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Variability in the structure of epiphytic microalgae assemblages on the leaves of Posidonia oceanica in relation to human disturbance in a meadow off Tunisia

Lotfi Mabrouk 1,2, Mounir Ben Brahim 1,2, Asma Hamza 2, Mabrouka Mahfoudhi 2,
Med-Najmeddine Bradai 2

1 Faculté des Sciences de Sfax, Route de la Soukra km 4, BP 802-3038 Sfax, Tunisia. E-mail: lotfi2328@yahoo.fr
2 Institut National des Sciences et Technologies de la Mer, centre de Sfax- BP 1035-CP 3018 Sfax, Tunisia.

Summary: We investigated the impact of sewage discharge on Posidonia oceanica meadows in Mahdia, eastern Tunisia. We specifically addressed changes in biometric plant parameters and epiphytic microalgae composition on leaves caused by this anthropogenic interference. A hierarchical sampling design was used to compare epiphytic microalgae structure between one disturbed and two control stations. Samples were collected by SCUBA diving at 8 m depth in August 2009. A total of 58 microalgae taxa were identified on leaves. At the disturbed station, leaf length, leaf surface area and the leaf area index decreased, whereas epiphytic dinoflagellate abundances increased compared with the control stations, with more Prorocentrales, Protoperidiniales and potentially toxic species on leaves of the disturbed station. Moderate nutrient enrichment (mainly Si(OH)4 and NH4+) and low water transparency at the disturbed station were associated with the increased abundances of some dinoflagellate species.

Keywords: epiphytic microalgae; sewage disturbance; spatial variability; Posidonia oceanica.

Variabilidad en la estructura de las comunidades de microalgas epífitas en las hojas de Posidonia oceanica en respuesta a las perturbaciones humanas en una pradera de Túnez

Resumen: Se ha investigado el impacto de los vertidos de aguas residuales en praderas de Posidonia oceanica situadas en Mahdia (Este de Túnez). Se han estudiado los cambios en los parámetros biométricos de la planta y la composición de las microalgas epífitas en las hojas causadas por esta interferencia antrópica. Se ha utilizado un diseño de muestreo jerárquico para comparar las microalgas epífitas entre la estación perturbada y dos estaciones control. Las muestras se recolectaron en buceo autónomo a 8 m de profundidad en Agosto de 2009. La longitud, el área y el índice de área de las hojas era inferior en la estación perturbada mientras que las abundancias de los dinoflagelados epífitos eran mayores en las estaciones control, con más Prorocentrales, Protoperidiniales y otras especies tóxicas potenciales en las hojas de la estación perturbada. Un ligero aumento de nutrientes en la estación perturbada (sobre todo Si(OH)4 y NH4+) y una menor transparencia del agua iba asociada a un aumento en la abundancia de algunas especies de dinoflageladas.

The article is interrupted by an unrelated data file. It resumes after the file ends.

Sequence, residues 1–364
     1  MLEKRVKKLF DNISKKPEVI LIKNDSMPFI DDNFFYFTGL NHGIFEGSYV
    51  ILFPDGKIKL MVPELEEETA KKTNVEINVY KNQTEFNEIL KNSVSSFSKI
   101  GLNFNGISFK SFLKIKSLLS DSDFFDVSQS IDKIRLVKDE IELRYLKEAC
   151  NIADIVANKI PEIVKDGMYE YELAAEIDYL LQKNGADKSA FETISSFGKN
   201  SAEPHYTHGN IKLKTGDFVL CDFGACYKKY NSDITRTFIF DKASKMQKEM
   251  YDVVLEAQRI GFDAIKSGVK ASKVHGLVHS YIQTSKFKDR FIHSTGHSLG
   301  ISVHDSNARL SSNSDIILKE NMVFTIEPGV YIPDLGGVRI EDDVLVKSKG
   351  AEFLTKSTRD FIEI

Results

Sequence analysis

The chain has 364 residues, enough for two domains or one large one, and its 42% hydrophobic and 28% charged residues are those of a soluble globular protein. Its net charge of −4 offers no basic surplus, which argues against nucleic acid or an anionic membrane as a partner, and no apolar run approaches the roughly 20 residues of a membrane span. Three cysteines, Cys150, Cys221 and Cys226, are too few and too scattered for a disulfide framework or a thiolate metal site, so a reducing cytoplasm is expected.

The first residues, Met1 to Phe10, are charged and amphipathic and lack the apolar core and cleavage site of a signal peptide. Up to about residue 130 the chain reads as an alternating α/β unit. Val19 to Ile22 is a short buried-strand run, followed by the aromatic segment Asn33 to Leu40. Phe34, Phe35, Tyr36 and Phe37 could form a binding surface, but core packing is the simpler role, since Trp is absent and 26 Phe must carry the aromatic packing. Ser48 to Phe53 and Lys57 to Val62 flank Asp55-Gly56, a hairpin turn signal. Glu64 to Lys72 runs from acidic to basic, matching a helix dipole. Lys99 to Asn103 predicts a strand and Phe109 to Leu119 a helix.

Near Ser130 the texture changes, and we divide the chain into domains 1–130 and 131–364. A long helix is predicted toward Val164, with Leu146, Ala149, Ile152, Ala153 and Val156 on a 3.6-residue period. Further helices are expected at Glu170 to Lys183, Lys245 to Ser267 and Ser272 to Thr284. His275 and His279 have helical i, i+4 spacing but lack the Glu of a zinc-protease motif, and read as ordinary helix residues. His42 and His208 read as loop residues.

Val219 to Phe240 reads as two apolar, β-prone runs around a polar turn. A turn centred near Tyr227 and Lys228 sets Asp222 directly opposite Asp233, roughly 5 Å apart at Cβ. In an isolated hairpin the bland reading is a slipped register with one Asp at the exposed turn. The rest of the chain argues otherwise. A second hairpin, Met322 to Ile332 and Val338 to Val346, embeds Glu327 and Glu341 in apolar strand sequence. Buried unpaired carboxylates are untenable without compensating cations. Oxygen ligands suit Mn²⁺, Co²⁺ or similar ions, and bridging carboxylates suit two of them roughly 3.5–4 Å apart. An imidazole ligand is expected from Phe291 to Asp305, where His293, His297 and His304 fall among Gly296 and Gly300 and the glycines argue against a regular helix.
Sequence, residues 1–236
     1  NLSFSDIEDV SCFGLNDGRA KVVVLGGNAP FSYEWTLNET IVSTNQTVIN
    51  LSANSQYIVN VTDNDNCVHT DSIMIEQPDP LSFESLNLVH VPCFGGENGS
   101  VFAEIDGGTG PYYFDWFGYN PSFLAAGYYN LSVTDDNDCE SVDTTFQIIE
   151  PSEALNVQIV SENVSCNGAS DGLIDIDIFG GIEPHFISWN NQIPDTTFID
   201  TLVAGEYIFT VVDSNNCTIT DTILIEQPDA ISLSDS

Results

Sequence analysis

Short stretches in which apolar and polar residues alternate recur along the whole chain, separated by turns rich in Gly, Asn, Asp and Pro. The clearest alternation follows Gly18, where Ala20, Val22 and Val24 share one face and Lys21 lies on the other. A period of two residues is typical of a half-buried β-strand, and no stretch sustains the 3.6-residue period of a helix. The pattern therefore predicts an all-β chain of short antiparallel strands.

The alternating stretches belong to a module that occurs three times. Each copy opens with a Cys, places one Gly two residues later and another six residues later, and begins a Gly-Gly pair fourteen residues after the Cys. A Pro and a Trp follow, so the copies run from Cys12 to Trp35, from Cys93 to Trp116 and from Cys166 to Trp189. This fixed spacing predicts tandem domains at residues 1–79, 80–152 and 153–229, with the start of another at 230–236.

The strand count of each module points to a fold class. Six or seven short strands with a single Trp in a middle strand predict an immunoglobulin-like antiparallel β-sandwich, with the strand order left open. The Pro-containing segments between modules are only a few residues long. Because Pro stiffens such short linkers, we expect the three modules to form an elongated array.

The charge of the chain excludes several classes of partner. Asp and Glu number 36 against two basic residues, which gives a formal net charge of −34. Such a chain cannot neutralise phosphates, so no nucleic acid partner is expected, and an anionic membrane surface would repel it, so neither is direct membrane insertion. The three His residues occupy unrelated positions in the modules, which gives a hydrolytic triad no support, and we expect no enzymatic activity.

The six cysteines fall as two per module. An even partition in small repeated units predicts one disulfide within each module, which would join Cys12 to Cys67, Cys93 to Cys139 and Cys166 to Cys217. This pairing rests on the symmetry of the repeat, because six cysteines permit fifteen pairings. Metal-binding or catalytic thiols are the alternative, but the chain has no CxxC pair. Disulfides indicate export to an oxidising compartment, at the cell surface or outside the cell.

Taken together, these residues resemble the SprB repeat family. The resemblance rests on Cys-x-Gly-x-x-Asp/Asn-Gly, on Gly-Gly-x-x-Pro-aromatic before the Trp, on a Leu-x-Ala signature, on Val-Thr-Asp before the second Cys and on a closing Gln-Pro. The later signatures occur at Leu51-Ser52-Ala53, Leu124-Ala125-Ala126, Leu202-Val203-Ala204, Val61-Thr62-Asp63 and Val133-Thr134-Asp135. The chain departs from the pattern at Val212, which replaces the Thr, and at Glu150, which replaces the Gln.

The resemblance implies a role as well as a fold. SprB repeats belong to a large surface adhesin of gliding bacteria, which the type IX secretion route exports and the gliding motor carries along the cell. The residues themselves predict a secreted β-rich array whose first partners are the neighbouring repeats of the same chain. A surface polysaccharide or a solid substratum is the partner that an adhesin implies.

Palabras clave: microalgas epífitas; aguas residuales; variabilidad espacial; Posidonia oceanica.

Citation: Mabrouk L., Ben Brahim M., Hamza A., Mahfoudhi M., Bradai M.N. 2014. Variability in the structure of epiphytic microalgae assemblages on the leaves of Posidonia oceanica in relation to human disturbance in a meadow off Tunisia. Sci. Mar. 78(1): 27-39. doi: http://dx.doi.org/10.3989/scimar.03939.06A

Editor: E. Ballesteros.

Received: August 21, 2013. Accepted: November 12, 2013. Published: February 24, 2014.

Copyright: © 2014 CSIC. This is an open-access article distributed under the Creative Commons Attribution-Non Commercial Lisence (by-nc) Spain 3.0.

Contents

Summary
Resumen
Introduction
Materials and methods
Results
Discussion
Acknowledgements
References

INTRODUCTIONTop

Seagrass systems are characterized by high biodiversity. Their leaves offer substrata suitable for settlement and growth of a number of micro- and macro- colonists that form stratified assemblages characterized by a high diversity of species (Mazzella et al. 1989Mazzella L., Russo G.F., 1989. Grazing effect of two Gibbula species (Mollusca, Archaeogastropoda) on the epiphytic community of Posidonia oceanica leaves. Aquat. Bot. 35: 357-373.). The most abundant and diverse epiphytic organisms on seagrasses are algae. They range from unicellular diatoms and dinoflagellates to large macrophytes. Epiphytes contribute to the primary production of the seagrass, formation of sediment (Frankovich and Zieman 1994Frankovich T.A., Zieman J.C. 1994. Total epiphyte and epiphytic carbonate production on Thalassia testudinum across Florida Bay. Bull. Mar. Sci. 54: 679-695.) and nutrient cycling (Borowitzka et al. 2006Borowitzka M.A., Lavery P., Keulen M. (2006). Epiphytes of Seagrasses. In: Larkum A.W.D., Orth R.J., Duarte C.M. (eds), Seagrasses: Biology, Ecology and Conservation. Springer, The Netherlands: 441-461. ) and they are a direct as well as an indirect food source for many animal species (Gambi et al. 1992Gambi M.C., Lorenti M., Russo G.F., Scipione M.B., Zupo V. 1992. Depth and seasonal distribution of some groups of the vagile fauna of the Posidonia oceanica leaf stratum- structural and trophic analyses. Mar. Ecol. 13: 17-39.).